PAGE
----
Resolution of syringohydromyelia with targeted CT-guided epidural blood patching

Case report

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In the scientific literature, syringohydromyelia has only rarely been reported in association with spontaneous intracranial hypotension. Management of the syringohydromyelia in these patients has heretofore involved relatively invasive surgical procedures. The authors report the first case of syringohydromyelia in the setting of intracranial hypotension successfully treated with CT-guided epidural blood patches. This case is important in that it represents a potential minimally invasive treatment strategy. Furthermore, the case also highlights the need to consider spontaneous intracranial hypotension when clinically appropriate as a cause of syrinx in patients with cerebellar tonsillar ectopia, in whom the lesion might otherwise be misclassified as a Chiari I malformation. Finally, the responses to the various attempted treatments offer insight into the pathophysiology of this syringohydromyelia, which may differ from classical models of syrinx formation.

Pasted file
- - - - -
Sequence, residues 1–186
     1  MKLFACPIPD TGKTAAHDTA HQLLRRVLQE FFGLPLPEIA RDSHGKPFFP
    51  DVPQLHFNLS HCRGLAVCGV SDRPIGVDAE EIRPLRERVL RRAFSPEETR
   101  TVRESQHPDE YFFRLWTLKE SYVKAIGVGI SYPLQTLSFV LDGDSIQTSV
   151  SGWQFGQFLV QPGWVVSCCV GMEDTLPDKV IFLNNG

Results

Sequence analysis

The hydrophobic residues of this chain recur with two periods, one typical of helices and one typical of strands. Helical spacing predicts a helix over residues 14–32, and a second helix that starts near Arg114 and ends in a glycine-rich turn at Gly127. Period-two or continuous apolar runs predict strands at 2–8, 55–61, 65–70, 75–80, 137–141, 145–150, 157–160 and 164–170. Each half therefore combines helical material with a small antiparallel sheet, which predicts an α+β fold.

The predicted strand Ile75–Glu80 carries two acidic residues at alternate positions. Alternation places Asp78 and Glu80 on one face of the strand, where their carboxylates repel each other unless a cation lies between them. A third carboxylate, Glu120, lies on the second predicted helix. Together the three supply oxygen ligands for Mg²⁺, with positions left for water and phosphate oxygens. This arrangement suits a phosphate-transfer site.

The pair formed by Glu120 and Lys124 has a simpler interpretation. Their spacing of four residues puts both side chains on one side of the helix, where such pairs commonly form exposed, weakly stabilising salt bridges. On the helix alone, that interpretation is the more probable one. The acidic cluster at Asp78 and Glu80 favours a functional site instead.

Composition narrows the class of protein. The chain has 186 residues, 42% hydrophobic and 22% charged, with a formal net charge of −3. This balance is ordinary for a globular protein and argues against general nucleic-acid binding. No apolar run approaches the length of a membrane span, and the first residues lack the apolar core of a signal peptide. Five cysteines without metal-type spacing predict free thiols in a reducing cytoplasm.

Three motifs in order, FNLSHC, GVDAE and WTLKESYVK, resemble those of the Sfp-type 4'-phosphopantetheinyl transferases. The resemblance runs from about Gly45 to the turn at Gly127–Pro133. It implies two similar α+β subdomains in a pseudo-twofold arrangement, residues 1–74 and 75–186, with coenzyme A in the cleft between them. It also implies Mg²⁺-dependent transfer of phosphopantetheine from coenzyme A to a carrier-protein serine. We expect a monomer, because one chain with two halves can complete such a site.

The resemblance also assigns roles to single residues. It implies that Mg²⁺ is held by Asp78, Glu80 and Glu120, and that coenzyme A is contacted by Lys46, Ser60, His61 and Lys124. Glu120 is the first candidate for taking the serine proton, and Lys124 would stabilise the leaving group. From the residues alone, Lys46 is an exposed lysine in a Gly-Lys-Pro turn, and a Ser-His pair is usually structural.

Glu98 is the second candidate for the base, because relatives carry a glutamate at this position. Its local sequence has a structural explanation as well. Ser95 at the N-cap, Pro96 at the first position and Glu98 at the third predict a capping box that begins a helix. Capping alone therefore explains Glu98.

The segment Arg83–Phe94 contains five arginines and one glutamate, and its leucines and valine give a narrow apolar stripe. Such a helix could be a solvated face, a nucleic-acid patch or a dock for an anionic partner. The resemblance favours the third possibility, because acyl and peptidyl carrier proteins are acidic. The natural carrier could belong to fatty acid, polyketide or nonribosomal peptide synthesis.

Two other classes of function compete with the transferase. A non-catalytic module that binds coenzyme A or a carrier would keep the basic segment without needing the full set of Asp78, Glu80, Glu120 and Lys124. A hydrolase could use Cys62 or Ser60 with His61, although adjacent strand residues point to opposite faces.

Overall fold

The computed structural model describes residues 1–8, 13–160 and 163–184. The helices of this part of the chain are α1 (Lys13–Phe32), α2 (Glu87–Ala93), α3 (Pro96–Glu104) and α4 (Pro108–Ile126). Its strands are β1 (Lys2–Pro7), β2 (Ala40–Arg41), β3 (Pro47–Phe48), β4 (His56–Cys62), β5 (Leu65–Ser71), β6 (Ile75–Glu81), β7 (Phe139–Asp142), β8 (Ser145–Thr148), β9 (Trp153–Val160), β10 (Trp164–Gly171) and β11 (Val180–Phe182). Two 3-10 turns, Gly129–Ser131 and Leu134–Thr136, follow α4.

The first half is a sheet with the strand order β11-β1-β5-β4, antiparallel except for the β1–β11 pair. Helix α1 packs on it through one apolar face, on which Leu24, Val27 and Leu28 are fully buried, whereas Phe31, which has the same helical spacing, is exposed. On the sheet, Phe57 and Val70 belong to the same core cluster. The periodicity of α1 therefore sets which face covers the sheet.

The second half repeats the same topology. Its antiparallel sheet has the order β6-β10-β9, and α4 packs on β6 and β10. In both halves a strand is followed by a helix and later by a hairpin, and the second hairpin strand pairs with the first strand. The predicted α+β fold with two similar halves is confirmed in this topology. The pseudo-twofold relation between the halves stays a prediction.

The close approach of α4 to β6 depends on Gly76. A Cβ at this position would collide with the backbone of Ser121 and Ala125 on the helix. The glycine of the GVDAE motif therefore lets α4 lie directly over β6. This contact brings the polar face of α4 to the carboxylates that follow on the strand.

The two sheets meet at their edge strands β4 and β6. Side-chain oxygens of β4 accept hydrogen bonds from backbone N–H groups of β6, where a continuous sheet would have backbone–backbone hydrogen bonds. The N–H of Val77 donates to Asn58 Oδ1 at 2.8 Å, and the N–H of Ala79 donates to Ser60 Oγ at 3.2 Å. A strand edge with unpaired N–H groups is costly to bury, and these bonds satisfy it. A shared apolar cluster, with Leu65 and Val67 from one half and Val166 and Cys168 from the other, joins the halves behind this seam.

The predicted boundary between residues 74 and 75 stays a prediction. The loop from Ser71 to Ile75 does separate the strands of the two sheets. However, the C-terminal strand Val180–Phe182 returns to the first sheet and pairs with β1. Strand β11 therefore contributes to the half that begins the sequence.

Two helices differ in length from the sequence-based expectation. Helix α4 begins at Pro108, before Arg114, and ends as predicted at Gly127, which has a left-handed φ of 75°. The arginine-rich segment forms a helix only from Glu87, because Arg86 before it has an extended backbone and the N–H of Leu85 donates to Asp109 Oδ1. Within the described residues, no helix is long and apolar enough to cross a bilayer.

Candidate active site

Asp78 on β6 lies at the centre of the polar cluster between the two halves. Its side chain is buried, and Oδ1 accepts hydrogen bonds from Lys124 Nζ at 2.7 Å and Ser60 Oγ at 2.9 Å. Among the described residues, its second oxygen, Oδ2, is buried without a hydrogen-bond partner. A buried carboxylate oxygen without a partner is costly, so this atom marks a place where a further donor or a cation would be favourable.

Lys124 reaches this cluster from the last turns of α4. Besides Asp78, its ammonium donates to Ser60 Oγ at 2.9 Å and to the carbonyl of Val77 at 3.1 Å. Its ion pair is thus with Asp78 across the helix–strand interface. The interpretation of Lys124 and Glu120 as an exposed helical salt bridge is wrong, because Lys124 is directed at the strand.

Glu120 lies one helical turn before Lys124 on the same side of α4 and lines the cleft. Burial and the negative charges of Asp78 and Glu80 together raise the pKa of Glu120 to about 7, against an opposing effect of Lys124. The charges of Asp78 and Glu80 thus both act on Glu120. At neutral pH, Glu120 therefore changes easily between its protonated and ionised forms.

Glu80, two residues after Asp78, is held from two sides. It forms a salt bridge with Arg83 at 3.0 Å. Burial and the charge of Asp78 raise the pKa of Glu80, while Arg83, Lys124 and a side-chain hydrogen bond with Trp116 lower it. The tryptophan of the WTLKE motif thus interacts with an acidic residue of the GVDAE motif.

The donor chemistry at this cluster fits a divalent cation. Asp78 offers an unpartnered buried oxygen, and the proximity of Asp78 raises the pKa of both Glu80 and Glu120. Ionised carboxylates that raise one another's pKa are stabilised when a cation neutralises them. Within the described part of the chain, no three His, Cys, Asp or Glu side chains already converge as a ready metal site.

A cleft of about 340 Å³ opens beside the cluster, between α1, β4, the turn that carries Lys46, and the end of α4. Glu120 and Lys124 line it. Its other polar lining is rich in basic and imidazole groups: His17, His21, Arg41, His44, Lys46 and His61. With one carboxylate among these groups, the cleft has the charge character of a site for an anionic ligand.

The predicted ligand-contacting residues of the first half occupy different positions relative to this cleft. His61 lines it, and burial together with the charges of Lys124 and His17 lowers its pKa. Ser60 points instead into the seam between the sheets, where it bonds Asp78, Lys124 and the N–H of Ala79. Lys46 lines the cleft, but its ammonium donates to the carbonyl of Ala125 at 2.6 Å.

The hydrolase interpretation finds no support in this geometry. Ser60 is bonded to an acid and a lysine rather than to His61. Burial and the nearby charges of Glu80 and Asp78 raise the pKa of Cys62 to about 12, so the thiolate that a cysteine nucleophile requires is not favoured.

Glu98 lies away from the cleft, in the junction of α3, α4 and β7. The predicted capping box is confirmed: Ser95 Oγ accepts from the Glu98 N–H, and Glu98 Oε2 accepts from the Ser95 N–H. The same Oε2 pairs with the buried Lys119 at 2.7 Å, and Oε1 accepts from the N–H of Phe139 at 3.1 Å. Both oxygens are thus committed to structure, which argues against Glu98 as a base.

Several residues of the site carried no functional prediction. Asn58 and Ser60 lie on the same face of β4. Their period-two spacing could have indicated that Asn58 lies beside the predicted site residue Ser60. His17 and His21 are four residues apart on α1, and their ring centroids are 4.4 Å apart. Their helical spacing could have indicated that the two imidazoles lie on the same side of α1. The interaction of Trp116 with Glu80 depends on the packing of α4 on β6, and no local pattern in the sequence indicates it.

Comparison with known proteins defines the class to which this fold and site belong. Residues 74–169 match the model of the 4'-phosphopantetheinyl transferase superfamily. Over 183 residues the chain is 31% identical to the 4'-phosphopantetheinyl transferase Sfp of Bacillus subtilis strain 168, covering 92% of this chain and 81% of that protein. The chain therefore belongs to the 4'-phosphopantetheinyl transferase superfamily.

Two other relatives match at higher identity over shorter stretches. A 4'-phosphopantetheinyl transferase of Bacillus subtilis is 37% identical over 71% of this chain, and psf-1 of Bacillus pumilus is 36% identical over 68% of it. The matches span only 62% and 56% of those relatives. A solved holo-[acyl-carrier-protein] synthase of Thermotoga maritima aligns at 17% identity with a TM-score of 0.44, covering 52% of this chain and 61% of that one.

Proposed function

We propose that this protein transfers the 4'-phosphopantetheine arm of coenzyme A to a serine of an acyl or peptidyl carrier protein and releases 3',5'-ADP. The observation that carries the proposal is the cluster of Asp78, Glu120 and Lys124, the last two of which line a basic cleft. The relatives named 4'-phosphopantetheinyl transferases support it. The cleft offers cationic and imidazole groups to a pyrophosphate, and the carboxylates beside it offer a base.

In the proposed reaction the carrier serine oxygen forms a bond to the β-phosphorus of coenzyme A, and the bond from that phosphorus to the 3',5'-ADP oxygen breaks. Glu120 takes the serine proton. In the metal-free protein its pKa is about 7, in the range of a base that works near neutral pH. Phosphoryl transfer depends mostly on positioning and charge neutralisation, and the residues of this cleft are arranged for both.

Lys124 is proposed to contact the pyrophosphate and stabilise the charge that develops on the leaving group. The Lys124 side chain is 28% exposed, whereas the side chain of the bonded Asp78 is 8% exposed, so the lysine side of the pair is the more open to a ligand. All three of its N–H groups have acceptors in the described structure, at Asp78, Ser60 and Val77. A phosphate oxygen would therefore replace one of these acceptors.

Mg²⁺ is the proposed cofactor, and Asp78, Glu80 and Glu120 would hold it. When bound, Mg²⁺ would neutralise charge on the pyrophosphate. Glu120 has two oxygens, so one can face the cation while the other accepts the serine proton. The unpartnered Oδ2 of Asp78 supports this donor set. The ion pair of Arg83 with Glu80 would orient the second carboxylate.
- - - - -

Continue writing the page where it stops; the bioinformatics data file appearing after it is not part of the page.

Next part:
Abbreviation used in this paper: SIH = spontaneous intracranial hypotension.

Article Information

Address correspondence to: Peter G. Kranz, M.D., Box 3808, Erwin Road, Durham, North Carolina 27710. email:

Please include this information when citing this paper: published online April 29, 2011; DOI: 10.3171/2011.3.JNS102164.

© AANS, except where prohibited by US copyright law.



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    Sagittal T2-weighted MR images of the cervical and thoracic spinal cord. A and B: Extensive syringohydromyelia seen at presentation. C and D: Repeated imaging after placement of a syringosubarachnoid shunt demonstrating worsening of the syrinx. E and F: After CT-guided blood patching, there is a marked decrease in the size of the syrinx and elevation of the cerebellar tonsils.

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    Coronal T1-weighted postcontast MR images obtained prior to treatment (A), after syringosubarachnoid shunting (B), and after CT-guided blood patching (C). Smooth dural enhancement (arrows) is seen on pretreatment images. Note also the hyperemia of the pituitary gland and effacement of the suprasellar cistern. The dural enhancement (arrows) persists following syringosubarachnoid shunting (B). Following CT-guided blood patching, there is resolution of dural enhancement (C).


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